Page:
Liz McCormick Published

Despite Pandemic Shakeup, Less Than One Percent Of Students, Staff Testing Positive For COVID-19 At W.Va. Colleges, Universities


It’s been about a month since all of West Virginia’s public and private four-year institutions started their fall 2020 semesters. It’s no surprise that reopening in this historic year has been a challenge for all the state’s schools. But there is some hopeful news to report. Fewer higher education students and staff in West Virginia are testing positive for the coronavirus than expected, according to officials.

Back in the spring, when things just started changing because of the coronavirus pandemic, West Virginia’s higher education officials were trying to prepare for fall 2020. Were students and faculty going to wear masks? How would testing look? Would any classes even be held in person? And how often would cleaning have to ramp up?

Well, we know now that everyone is required to wear masks on college campuses, and cleaning efforts have increased a lot. Gov. Jim Justice committed $2.5 million so that all students and staff at public and private higher education institutions would be tested at the start of the semester. Most students in dorm rooms do not have roommates, and class sizes have been reduced and have taken on a mixed look: some in-person, some remote, some hybrid.

And less than 1 percent of students and staff are testing positive for the virus at most of West Virginia’s higher education institutions.

“I don’t think anyone thought the numbers would be that low,” said Sarah Armstrong Tucker, chancellor of both the West Virginia Higher Education Policy Commission (HEPC) and the Community and Technical College System of West Virginia.

“That has been really wonderful,” she said. “And is a testament to all of the hard work that the colleges have put in place, as well as the governor testing everybody up front.”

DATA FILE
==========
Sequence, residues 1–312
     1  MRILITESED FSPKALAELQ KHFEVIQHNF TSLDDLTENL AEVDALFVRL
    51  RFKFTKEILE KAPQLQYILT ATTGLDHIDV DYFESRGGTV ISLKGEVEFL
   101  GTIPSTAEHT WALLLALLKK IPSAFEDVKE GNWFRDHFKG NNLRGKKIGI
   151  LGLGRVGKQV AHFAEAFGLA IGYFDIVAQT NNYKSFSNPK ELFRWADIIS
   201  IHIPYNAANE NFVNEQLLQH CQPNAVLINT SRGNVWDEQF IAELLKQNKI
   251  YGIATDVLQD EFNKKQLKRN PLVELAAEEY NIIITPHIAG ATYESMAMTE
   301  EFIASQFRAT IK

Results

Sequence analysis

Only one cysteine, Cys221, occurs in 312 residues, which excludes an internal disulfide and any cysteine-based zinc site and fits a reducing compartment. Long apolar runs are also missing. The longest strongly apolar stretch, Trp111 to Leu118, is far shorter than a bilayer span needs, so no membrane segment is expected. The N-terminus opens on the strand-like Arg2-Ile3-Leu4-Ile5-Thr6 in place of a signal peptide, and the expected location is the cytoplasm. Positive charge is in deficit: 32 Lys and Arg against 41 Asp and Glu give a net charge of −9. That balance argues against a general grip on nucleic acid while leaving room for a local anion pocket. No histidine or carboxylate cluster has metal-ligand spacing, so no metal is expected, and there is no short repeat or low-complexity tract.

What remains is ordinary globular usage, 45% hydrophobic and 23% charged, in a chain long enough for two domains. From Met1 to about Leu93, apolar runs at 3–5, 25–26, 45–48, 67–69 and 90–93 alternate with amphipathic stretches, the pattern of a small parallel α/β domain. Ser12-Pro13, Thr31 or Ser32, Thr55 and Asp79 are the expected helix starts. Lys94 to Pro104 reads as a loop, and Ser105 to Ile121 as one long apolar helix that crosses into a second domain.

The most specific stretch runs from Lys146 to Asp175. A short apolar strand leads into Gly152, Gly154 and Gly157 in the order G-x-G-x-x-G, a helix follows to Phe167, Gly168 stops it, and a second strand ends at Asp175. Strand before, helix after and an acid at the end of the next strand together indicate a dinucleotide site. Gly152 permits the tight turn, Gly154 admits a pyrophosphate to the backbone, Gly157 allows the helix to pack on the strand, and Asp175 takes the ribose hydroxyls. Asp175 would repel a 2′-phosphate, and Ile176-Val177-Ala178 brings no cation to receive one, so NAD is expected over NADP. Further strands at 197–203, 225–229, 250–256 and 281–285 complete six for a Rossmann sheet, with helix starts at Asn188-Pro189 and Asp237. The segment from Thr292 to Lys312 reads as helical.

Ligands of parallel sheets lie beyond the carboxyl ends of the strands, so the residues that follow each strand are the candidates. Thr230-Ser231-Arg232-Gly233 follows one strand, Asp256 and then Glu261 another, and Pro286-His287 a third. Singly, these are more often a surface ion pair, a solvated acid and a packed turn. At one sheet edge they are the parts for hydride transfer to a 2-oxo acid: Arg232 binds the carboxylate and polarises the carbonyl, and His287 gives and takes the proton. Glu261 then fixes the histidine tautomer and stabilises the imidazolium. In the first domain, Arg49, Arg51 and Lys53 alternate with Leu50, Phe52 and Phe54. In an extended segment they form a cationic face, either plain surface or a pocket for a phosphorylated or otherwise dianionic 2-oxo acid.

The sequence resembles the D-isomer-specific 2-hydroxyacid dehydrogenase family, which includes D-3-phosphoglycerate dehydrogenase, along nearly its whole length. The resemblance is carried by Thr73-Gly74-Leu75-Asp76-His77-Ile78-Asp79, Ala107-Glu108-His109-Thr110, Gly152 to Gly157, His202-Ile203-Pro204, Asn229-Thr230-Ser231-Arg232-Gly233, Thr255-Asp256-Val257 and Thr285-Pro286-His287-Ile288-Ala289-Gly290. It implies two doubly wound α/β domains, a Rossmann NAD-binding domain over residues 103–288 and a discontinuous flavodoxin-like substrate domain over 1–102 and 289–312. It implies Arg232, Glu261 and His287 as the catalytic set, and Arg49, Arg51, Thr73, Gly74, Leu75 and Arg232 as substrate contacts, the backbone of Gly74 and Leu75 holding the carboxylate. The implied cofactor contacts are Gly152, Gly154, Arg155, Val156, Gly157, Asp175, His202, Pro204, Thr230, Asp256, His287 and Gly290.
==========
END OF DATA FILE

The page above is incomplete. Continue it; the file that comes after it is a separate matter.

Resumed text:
One institution though, Tucker said, has been an outlier. That’s West Virginia University. At the start of September, WVU suspended 29 students after they attended large parties at fraternities not recognized by the university. A member of one of those fraternities tested positive for COVID-19 and yet, still attended parties.

“I understand our community’s frustrations,” said Corey Farris, dean of students at WVU in a press release. “The university is frustrated, too. We clearly communicated prior to returning to campus the health and safety protocols that must be followed in order to have on-campus learning … No matter where they are, if a student cannot abide by the health protocols put in place for their safety and the safety of the community during a global pandemic, we do not want them here.”

On top of this, Monongalia County has seen significantly high numbers of cases and was in the red zone on the West Virginia Department of Health and Human Resources’ color-coded map for a few weeks.

But there have been other challenges that have arisen that higher education officials are giving a closer look.

Anna Williams, student body president at Marshall University, spoke at the Higher Education Policy Commission’s regular meeting last week to highlight for members, areas where Marshall students have been struggling.

She described how Marshall has tried to expand broadband access for students by installing 15 hotspots that provide high speed internet to students with mobile phone access.

“I took my law school admissions test, and I had to take it on the hotspot on my iPhone, because the internet could not support the system that they were using,” Williams said. “Talk about stress.”

She said it wasn’t until they got these hotspots up and running that, even for a place like Cabell County that’s relatively well-connected, she realized how big the broadband gaps are.

“I can’t imagine what some of these other students are going through in Wayne County, Boone County, McDowell.”